SABMiller India, the country’s second largest beer company, expects to book profits in the current fiscal after two years of successive losses. It also hopes to increase market share in profitable states and grow in Andhra Pradesh, the largest beer market in India.
“The company is now focusing on states such as Maharashtra, Karnataka and Rajasthan and expects to end this fiscal with a 12% growth in cash profit,” said Sundeep Kumar, director, corporate affairs and communications, SABMiller.
The Indian arm of the London-headquartered beer-maker had posted a loss of R142 crore in 2009-10 largely because of shortage of supplies in Andhra, owing to its standoff with the state government over the price revision issue. It also had to grapple with regulatory issues in Uttar Pradesh in 2009.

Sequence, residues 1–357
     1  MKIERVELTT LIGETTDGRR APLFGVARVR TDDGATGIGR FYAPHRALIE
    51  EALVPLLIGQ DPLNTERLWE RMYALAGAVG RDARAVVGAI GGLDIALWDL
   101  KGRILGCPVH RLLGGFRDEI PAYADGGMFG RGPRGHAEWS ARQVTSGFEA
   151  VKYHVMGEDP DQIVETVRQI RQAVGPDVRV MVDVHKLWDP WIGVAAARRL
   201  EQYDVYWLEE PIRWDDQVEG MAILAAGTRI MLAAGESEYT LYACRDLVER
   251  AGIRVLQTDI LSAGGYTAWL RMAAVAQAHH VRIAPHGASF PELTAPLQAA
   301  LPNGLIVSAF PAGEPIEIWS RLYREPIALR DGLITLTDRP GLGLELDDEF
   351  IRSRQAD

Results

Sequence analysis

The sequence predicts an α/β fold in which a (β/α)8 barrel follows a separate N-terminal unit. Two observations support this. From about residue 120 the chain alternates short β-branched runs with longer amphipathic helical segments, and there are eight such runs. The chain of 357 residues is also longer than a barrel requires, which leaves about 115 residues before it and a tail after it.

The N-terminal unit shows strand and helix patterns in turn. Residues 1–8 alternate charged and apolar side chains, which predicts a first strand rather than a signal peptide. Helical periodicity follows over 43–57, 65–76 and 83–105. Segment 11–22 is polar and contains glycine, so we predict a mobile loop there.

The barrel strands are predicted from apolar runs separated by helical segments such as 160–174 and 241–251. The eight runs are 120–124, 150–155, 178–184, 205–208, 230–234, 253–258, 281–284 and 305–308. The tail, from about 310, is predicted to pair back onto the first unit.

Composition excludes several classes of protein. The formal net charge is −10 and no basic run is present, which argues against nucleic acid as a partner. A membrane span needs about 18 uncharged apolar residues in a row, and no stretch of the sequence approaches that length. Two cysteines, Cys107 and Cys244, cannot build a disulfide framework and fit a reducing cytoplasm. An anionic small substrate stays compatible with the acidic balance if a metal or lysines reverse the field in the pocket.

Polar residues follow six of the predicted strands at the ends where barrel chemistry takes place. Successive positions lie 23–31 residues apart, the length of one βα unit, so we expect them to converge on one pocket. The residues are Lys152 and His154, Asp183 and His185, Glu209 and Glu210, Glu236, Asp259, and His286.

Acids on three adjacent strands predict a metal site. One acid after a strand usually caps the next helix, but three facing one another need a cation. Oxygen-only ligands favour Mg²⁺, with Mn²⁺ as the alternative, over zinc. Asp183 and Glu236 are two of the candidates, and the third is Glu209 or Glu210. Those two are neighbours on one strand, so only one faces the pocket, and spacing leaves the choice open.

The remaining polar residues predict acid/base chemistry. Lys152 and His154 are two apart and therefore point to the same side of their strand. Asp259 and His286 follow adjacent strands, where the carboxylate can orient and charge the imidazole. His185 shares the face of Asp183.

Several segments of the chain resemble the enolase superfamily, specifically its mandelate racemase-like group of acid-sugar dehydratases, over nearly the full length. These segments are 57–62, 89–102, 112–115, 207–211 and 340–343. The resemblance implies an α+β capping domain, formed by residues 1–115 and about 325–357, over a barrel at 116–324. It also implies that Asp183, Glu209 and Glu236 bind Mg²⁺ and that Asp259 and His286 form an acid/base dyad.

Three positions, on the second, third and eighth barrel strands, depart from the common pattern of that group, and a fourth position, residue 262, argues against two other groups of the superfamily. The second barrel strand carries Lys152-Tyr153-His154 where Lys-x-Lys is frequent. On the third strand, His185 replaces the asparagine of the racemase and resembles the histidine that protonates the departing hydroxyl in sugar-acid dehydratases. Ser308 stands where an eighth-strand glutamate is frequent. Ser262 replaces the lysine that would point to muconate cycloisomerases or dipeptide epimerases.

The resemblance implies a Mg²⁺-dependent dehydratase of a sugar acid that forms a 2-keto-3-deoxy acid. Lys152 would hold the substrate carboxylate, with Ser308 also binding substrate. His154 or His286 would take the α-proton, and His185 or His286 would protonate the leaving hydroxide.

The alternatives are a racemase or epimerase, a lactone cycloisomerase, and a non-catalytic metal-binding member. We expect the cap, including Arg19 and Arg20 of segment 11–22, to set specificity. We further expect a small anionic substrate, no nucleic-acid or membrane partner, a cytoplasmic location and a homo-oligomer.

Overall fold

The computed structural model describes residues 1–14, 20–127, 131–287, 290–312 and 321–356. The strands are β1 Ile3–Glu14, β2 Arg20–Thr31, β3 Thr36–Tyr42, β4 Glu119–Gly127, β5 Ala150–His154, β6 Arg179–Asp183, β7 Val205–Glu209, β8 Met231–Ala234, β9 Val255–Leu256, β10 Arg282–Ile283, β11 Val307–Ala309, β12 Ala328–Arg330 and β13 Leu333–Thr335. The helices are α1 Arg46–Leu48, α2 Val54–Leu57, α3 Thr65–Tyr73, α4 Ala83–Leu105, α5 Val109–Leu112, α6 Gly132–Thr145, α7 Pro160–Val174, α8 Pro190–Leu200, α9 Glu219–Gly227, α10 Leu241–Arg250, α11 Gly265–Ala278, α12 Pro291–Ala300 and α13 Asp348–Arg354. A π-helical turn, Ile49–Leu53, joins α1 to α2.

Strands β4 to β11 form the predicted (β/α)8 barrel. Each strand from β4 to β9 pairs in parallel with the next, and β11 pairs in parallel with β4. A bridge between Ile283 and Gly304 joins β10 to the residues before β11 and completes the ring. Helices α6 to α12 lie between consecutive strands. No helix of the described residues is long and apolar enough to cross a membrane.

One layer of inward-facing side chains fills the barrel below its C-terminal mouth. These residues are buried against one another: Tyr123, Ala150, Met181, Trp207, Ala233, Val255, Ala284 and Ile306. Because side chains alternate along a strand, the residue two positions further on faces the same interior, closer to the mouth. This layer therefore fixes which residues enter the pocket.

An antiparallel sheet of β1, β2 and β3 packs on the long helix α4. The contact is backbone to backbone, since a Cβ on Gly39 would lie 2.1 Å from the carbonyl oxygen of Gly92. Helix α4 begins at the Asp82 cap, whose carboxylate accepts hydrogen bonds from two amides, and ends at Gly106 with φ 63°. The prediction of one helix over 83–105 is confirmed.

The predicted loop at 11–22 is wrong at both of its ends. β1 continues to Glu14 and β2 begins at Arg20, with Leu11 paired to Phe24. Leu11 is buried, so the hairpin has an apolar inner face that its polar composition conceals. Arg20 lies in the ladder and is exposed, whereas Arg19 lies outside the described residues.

While beer companies in Andhra Pradesh witnessed a price increase in early 2010, the state subsequently introduced a new procurement policy that SABMiller is still challenging in court on the grounds of discrimination
The policy under which state-run wholesaler Andhra Pradesh Beverage Corporation procures stock based on a company's national market share benefits rival United Breweries, which announced for 50% share of India's annual beer sales of around 200 million cases in 2009-10.
SABMiller has traditionally dominated the AP market but its national share is around 30%.
"We are happy with the growing share in the more profitable markets and segments which we have been doing. While this has not completely offset the impact of the adverse Andhra procurement policy, it is helping us significantly dilute its impact," said Kumar.
He did not, however, reveal the company's market share in key states. In India, beer and spirit market profitability varies among the states as some allow free pricing while others control retail sales through government-run outlets. According to SABMiller, Karnataka is a profitable state despite its neighbours like Andhra Pradesh and Tamil Nadu selling higher volumes. "I think circumstances like this force you to revisit your thinking," added Kumar. "It also tells you you cannot be dependent on one or two markets given the vagaries of our regulatory environment."